A new study finds that literally billions of people can't see the Milky Way.
Look up into the night sky — if you’re like most Americans and Europe, you won’t see much.
A new study published in the journal science advances finds that a third of the world’s population — and the majority of Americans and Europeans — can’t see the Milky Way.
Why? It’s because of a phenomenon called light pollution. As technology advances and more and more cities are lit up throughout the night, we are unable to see the distant stars due to the intense light all around us 24 hours a day, seven days a week.
An international team of scientists created a map of artificial light intensity worldwide. An incredible 99 percent of Americans and 83 percent of Europeans are bathed in artificial light.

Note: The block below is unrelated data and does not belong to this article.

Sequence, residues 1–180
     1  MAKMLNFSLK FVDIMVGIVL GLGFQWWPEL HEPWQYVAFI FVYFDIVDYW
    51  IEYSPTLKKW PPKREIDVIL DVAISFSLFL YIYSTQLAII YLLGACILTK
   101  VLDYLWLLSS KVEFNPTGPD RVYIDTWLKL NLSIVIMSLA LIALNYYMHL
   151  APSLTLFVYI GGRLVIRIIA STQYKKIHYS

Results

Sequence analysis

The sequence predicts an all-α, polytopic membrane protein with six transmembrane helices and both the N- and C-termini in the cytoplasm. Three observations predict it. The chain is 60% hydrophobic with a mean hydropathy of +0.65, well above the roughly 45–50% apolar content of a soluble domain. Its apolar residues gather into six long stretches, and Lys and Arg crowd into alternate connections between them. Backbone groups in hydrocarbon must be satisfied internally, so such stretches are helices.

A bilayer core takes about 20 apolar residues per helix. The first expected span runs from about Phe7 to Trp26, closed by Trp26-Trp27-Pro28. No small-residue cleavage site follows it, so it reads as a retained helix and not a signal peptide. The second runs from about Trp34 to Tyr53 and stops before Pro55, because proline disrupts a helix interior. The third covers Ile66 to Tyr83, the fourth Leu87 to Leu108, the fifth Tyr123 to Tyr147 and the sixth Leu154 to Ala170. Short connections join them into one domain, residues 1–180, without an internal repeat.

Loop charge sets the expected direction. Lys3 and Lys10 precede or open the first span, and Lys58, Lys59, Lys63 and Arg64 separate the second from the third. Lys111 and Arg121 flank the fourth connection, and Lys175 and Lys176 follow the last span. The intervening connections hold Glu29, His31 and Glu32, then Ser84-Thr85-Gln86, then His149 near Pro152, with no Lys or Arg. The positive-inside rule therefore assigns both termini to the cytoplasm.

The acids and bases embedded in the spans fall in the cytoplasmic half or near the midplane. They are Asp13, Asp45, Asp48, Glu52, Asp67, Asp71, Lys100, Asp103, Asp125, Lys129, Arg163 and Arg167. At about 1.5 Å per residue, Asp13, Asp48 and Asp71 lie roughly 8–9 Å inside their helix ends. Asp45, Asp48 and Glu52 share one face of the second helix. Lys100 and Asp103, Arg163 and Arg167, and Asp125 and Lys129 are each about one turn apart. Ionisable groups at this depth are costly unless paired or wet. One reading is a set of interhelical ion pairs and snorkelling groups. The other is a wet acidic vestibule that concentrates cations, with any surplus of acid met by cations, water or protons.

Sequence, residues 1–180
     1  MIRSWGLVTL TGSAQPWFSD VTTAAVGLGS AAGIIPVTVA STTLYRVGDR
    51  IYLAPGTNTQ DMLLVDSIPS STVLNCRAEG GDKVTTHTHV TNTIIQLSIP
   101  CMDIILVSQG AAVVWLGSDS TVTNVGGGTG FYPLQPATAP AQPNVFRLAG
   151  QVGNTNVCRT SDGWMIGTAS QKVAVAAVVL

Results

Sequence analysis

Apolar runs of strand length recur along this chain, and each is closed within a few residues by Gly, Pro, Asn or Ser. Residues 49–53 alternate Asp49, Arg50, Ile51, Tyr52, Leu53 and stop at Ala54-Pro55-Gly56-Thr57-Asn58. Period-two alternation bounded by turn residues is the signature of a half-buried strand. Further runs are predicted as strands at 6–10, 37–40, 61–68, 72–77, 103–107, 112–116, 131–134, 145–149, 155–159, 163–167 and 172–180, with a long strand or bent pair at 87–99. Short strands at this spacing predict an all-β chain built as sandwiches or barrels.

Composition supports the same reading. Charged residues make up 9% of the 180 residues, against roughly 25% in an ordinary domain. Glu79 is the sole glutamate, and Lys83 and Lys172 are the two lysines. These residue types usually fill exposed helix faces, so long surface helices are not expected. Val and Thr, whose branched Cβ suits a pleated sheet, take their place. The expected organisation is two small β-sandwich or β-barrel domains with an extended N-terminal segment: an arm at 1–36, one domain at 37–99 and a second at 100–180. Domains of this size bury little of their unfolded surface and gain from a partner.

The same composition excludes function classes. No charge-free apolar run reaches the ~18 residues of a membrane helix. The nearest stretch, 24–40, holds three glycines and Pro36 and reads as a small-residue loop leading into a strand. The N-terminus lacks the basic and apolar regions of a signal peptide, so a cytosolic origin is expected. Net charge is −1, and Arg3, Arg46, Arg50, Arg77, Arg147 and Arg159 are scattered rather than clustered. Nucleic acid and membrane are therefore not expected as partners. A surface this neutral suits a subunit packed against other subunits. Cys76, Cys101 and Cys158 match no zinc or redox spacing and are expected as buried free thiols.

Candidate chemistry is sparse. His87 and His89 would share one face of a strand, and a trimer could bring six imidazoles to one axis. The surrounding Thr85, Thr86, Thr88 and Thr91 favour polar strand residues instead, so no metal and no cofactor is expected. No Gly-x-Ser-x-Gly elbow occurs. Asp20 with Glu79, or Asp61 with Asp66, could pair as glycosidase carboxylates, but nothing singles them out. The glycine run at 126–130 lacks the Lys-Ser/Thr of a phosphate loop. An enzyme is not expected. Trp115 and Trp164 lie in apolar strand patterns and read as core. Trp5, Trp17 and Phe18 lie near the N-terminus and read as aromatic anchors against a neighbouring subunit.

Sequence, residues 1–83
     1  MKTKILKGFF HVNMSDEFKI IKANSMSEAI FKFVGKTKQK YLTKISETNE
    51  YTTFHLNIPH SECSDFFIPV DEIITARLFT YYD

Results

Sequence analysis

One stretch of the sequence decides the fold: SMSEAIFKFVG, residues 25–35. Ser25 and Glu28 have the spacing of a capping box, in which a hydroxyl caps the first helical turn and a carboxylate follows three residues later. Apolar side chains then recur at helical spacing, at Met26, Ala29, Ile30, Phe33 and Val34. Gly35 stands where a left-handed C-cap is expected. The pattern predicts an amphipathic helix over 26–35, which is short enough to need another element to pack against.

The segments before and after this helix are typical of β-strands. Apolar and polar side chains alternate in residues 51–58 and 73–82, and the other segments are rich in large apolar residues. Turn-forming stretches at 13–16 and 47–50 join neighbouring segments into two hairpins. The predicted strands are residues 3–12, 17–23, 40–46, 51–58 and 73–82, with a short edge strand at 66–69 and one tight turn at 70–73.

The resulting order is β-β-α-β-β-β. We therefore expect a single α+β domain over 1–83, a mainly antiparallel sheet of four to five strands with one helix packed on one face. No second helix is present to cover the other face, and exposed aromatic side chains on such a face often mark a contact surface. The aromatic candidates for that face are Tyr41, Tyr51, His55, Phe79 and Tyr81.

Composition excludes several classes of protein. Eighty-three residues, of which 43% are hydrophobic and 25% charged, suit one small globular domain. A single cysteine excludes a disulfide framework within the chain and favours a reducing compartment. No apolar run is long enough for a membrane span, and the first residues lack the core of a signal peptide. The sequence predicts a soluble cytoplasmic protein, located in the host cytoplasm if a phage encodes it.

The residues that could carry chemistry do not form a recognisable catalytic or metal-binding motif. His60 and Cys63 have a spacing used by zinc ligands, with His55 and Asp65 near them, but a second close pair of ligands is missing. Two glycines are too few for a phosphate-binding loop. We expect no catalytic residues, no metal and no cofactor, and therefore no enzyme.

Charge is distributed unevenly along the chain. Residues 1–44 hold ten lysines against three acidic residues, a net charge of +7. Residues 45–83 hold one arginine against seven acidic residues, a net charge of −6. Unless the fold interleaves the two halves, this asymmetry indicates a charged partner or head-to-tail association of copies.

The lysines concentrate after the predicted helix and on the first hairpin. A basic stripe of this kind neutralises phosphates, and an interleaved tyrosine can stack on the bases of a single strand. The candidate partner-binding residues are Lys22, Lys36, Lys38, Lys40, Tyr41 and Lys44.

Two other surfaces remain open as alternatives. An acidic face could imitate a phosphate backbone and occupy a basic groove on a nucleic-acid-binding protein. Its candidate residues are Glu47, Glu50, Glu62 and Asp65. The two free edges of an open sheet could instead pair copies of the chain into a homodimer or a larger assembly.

“The atlas documents a world that is in many places awash with light,” the statement reads. “In Western Europe, only a few small areas remain where the night sky remains relatively unpolluted, including areas in Scotland, Sweden, Norway, and parts of Spain and Austria. In addition to a world map, the scientists provide tables showing the area of each country and what fraction of its population live under highly light polluted skies. The authors specifically examined the G20 countries, finding that in terms of area, Italy and South Korea are the most polluted, and Canada and Australia the least. Residents of India and Germany are most likely to be able to see the Milky Way from their home, while those in Saudi Arabia and South Korea are least likely.”